November 05, 2007

It was near the end of the book of Hebrews that I found some verses that have been bouncing around in my head for some time now. With the epistle drawing to a close, the pastor who authored this letter exhorts the believers to remember the men who had once led the church, to consider how these men lived, and to imitate their faith. “Remember your leaders,” he says, “those who spoke to you the word of God. Consider the outcome of their way of life, and imitate their faith.”

That verse has given me a lot to think about. God, working through the written words of an anonymous pastor who lived 2,000 years ago, challenged me to consider men who once spoke the word of God—men whose lives I should consider that I might imitate their faith. Unlike the recipients of this letter, I do not have a long legacy of being in a church where leaders have served for decades and have finished well. I have been more of a church pilgrim, often moving from one town to the next through my childhood and early years of my marriage. At long last we’ve settled in a town and in a church where we hope to remain for the long haul. But as I considered these verses I thought of a church like Tenth Presbyterian Church in Philadelphia, a church that has prospered under the long ministries of men like Donald Barnhouse (33 years), James Montgomery Boice (32 years) and Phillip Ryken (12 years and counting). People who attend churches like that and who have been members of such churches for many years will be able to look to the past and to consider how these men lived. From there they can learn about the faith that sustained these pastors and then imitate that faith.

Not all of us have been so privileged. But we have the ability to find heroes in history by reading good biographies. And this is, I think, one of the reasons I am so often drawn to biographies of great Christians. Through these books we are able to read about the faith of Christians who served God through their lives and then finished strong. John Piper says, “This is why dead heroes are more important than living heroes. Living heroes are important, but they might cease to be heroes before they die. They might let you down. Rather, he says, ‘remember’ - that’s a word that reaches into the past. Remember those whose conduct you can survey from beginning to end, and consider all of it - especially how it ended.” It is really only when the final chapter has closed in death that we may know how a man has lived. Dead heroes harbor few surprises.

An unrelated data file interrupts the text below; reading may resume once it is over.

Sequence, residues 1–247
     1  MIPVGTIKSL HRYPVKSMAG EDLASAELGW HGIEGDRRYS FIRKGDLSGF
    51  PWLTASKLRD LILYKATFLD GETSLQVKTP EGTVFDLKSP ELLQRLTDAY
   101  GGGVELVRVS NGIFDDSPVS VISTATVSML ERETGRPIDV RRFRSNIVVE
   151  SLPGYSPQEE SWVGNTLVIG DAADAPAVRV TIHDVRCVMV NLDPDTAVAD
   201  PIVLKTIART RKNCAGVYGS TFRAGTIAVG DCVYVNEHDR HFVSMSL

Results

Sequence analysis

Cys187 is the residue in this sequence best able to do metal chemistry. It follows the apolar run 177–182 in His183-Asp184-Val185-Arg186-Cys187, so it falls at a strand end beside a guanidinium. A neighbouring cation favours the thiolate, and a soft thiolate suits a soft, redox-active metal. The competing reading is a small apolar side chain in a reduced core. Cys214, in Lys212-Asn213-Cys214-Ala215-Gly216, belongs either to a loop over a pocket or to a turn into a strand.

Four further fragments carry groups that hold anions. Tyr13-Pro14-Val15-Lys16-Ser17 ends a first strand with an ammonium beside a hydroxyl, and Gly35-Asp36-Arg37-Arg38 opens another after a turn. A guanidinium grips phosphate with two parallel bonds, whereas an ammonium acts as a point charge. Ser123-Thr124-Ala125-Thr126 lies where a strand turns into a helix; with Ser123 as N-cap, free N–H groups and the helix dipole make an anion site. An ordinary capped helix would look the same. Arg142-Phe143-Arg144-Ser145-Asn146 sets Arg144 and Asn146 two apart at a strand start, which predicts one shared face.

It is important to note that the exhortation is not to imitate these men—it is not to ponder their lives and then to imitate their conduct. Rather, the author exhorts people to ponder the outcome of these lives, to see how these men finished their races, and, having found worthy examples, to imitate their faith. John Piper sounds an important warning about imitating the conduct of others. “If you try to imitate their conduct, you become a religious fake, a spiritual counterfeit. This is a frightening reality when you see it - people who have learned the forms of godliness and know nothing of the power that comes from genuine faith. Instead he says: look at the whole course of their conduct and how they finished their course, and get the same motor that made them what they were: their faith.”

Verse seven cannot be separated from the verse that follows. “Jesus Christ is the same yesterday and today and forever.” Jesus Christ is the same today as He was when these men led the church and when they encouraged your faith. Jesus was worth serving then and He is worth serving now; Jesus sustained these men even through times of hardship and He can and will sustain you in the same way. Though months and seasons and years come and go, Jesus remains the same—still available, still powerful, still in control. Richard Phillips writes, “The writer’s confidence is not in men of God; it is in the God of men.” Though we are to imitate the faith of these men, we are to see this faith as a gift of God and to place our confidence in God who gives faith, not in men who express it.

By way of conclusion, Richard Phillips says, “This is the greatest legacy any of us can impart from the pattern of our lives, and it is by providing such examples that Christian leaders most powerfully serve the Lord and his church.” The questions I had to ask myself were these: First, whose faith am I imitating? Who are the Christians of days gone by whose faith serves as an example to me. And second, what will my legacy be? Will I leave behind a pattern of trust and faithful service that another person may find worthy of imitation, or will I be fearful and faithless, leaving behind a legacy I’d want no one to imitate?

Perhaps your faith would also be served by pondering those same questions in light of Hebrews 13.